A few decades ago, there was a public outcry about poor medical care. Today, the people are crying about ′over-care′.14 Today everyone is prescribed a host of medicines, when probably none (or a few) are needed. One example is the recent report that many commonly used antidepressants are no better than placebos for a large number of indications.15,16 This knowledge came to light after millions of prescriptions had already been written. Even in the USA, there is a talk of unnecessary surgeries that may not benefit patients.17 Unnecessary healthcare is a global phenomenon;18 however, its implications are harsher for a poorer country such as India.

Since a corporate hospital′s degree of success is measured by its balance sheet, it is commonplace for them to prod their doctors to conduct aggressive screening programmes for the diagnosis of breast, lung and colorectal cancers, even though science says that such screening may not improve overall mortality.[19],[20],[21] , Agreeing to work for a corporate hospital, to me, has an inherent conflict of interest, if one toe′s the corporate line.

Public Sector Hospitals

Government policies decide how a public sector hospital will use a doctor′s services. Health budgets being frugal, public sectors hospitals are mostly poorly funded. Advanced equipment is often not procured, or even when purchased is not maintained well or repaired in time. Despite these problems, bureaucrats expect these hospitals to function as well as the corporate hospitals. The administrators want to please bureaucrats and may not be aware of the requirements of specialized medicine. Being under pressure to produce results, they set unrealistic targets for doctors and force them to work long hours. Many competent doctors find an easy way out; they leave government service and join a corporate hospital.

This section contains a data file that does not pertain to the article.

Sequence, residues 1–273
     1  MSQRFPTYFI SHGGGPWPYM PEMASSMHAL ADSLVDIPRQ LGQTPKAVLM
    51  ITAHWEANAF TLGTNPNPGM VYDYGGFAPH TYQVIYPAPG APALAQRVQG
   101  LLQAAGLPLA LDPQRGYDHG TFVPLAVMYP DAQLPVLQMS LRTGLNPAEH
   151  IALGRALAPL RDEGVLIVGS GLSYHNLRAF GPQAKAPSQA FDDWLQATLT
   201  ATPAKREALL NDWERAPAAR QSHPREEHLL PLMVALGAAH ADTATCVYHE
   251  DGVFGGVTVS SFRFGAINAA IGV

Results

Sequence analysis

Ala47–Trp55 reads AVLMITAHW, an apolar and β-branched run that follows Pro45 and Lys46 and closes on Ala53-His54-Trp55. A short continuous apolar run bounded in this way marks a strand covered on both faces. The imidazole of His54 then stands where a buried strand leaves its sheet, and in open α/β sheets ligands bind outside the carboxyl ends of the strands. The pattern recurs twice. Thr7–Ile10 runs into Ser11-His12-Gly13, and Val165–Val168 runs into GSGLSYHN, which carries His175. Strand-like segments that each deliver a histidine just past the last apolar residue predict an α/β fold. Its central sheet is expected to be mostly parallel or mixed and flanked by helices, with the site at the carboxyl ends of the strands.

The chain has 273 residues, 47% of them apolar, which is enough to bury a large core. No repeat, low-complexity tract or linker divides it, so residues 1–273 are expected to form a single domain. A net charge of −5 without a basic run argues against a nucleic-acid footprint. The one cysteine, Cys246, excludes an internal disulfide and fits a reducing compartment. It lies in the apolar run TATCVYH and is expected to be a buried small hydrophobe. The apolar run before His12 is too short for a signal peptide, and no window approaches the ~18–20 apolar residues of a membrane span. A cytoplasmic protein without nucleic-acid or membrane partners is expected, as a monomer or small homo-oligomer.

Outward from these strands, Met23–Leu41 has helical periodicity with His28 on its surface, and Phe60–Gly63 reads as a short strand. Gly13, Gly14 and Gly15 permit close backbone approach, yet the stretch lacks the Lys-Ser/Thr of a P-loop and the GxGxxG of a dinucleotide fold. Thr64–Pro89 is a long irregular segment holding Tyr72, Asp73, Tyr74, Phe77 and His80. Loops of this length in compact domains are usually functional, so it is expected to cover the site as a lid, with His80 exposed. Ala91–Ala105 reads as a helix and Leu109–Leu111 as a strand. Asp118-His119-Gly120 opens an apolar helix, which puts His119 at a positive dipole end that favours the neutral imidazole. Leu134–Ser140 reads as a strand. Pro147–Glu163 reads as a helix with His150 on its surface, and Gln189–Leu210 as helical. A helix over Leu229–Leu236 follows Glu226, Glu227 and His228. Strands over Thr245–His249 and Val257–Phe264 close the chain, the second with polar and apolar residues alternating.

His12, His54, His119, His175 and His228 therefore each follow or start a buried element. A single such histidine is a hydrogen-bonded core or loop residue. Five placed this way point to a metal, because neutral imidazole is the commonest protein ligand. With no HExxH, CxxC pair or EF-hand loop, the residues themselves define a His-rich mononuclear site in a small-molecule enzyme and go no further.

The primary interest of politicians in the government is to win votes, and in the process, if possible, benefit the public. They realize that new technology in healthcare is expensive,[22] which even rich countries such as the USA cannot afford.[23],[24],[25] The bureaucrats also realize that the government lacks adequate resources to provide healthcare. Hence, they promote Ayurveda, Yoga, Unani, Siddha and Homeopathy as alternatives, allowing their practitioners to use modern medicines for which they have no training, while placing curbs on scientific medicine.[26],[27] This diminishes the importance of allopathic doctors.[28] The indigenous medicines, meanwhile, remain unregulated even though there is evidence that these too can have adverse reactions.[29],[30]

Independent Practitioners And Family Doctors

This breed of doctors is rapidly disappearing. The family doctors usually provide only basic care. Given the current societal preference for specialists, they often end up referring patients to specialists for further investigation and treatment of serious diseases. When a good laboratory or radiology centre offers them incentives for getting tests done and the best corporate hospitals offer them a service fee for referring patients, they find it difficult to refuse.[31],[32] They often do not even look at these ′incentives′ as ′cuts′, which these are. They justify these as innocuous as ′I would have anyway referred the patient to the specialist′! Pharmaceutical industry has already primed them with incentives for prescribing a particular ′brand′. That is how the rot began a few decades ago and the distinction between ′incentive′ and ′cut′ got blurred.